Report: Vog makes for unhealthy Big Island air
HONOLULU — The Big Island received a failing grade for particulate pollution in the air, according to an American Lung Association report card released Wednesday.
But that’s because one of the island’s main sources of particulate pollution is volcanic emissions, commonly known as vog.
The association’s “State of the Air 2013” report card gave Hawaii County an “F” despite a decrease in the number of days with unhealthy particulate pollution — from 23.5 days in 2012 to 12.5 this year. Particulate pollution is a mix of very tiny solid and liquid particles in the air. If they’re small enough, they can stay in the air for long periods, Steve Businger, a University of Hawaii meteorology professor and vog expert, said.
Honolulu is the only county in the state that collected data on ozone levels. There were no days of unhealthy levels of ozone, or smog, which is the most widespread air pollutant.
Maui County received healthy grades for particulate pollution. According to the report, figures available for Kauai County were incomplete.
Volcanic gas emissions from the Big Island’s Kilauea volcano create Hawaii’s vog. If the trade winds stop or if wind blows in the opposite direction, other islands including Oahu, Maui and Kauai, experience the condition.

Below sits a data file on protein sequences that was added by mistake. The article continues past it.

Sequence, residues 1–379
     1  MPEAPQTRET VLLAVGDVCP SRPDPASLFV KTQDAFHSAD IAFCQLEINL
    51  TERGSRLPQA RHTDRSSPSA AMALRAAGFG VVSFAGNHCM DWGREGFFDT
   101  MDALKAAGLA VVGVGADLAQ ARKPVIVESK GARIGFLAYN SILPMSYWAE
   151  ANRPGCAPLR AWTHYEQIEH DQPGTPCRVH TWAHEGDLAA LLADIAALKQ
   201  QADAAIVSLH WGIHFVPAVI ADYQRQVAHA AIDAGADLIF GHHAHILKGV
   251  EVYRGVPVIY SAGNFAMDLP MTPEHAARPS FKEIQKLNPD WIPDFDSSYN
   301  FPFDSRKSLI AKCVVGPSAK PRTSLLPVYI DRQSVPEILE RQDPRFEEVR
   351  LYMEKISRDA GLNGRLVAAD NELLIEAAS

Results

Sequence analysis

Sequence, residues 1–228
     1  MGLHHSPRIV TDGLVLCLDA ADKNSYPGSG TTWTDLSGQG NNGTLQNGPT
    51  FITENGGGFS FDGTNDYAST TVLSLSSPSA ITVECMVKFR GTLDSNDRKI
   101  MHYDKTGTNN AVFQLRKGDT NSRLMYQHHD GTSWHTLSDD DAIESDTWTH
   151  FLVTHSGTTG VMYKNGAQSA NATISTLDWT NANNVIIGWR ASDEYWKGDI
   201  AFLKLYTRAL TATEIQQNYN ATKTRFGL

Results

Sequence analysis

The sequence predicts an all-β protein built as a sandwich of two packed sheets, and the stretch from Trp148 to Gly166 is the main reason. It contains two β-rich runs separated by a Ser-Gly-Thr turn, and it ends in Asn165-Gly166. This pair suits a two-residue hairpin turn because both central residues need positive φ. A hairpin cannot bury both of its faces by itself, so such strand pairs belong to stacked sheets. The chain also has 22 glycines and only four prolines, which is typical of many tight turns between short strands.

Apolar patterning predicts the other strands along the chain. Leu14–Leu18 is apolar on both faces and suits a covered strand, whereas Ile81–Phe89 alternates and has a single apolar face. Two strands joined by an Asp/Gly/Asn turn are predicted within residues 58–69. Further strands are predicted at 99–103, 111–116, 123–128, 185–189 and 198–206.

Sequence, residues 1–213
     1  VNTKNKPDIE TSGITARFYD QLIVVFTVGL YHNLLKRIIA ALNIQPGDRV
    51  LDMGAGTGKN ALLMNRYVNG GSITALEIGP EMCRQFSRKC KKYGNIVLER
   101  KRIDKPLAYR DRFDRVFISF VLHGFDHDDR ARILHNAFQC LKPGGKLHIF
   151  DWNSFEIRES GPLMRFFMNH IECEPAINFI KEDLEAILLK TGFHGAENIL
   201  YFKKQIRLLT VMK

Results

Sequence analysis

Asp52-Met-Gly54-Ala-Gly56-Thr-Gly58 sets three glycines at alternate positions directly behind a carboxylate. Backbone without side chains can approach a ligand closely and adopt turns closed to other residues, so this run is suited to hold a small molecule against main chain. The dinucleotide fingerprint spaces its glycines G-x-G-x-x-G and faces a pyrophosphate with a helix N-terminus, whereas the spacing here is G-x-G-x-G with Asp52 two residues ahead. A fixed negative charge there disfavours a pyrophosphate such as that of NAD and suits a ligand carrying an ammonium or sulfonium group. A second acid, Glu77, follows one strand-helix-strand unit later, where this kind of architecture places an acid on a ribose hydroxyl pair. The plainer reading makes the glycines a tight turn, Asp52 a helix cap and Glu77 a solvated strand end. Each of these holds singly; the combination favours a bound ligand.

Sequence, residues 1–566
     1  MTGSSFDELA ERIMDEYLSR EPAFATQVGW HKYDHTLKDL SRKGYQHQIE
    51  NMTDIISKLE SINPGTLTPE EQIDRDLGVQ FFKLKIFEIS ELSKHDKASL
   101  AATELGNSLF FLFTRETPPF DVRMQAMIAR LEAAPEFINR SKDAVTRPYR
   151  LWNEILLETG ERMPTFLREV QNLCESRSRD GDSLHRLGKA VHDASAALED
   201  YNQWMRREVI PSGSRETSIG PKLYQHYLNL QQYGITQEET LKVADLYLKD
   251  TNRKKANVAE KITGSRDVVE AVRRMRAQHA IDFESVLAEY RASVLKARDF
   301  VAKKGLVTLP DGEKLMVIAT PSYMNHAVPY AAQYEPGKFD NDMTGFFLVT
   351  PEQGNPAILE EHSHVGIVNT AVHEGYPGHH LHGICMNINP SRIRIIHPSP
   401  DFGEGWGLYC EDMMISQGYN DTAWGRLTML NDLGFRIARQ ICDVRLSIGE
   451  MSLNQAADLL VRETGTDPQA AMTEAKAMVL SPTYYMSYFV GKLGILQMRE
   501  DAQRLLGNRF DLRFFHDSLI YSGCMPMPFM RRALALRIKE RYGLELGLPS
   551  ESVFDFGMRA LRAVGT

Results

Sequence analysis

Kilauea has been erupting since Jan. 3, 1983.
Still, people should be assured that Hawaii’s overall air quality is good, Businger said.
“I don’t think people need to worry unless they happen to be very sensitive to vog,” Businger said. He added that on days when vog levels are high, people should stay indoors, limit outdoor exercise and drink plenty of fluids.
The annual report grades counties nationwide for ozone and particulate pollution levels. Cheyenne, Wyo., ranked No. 1 in the top 25 cleanest cities for year-round air pollution. Bakersfield-Delano in California ranked the worst for particulate pollution, while California’s Los Angeles-Long Beach-Riverside region had the worst ozone ranking.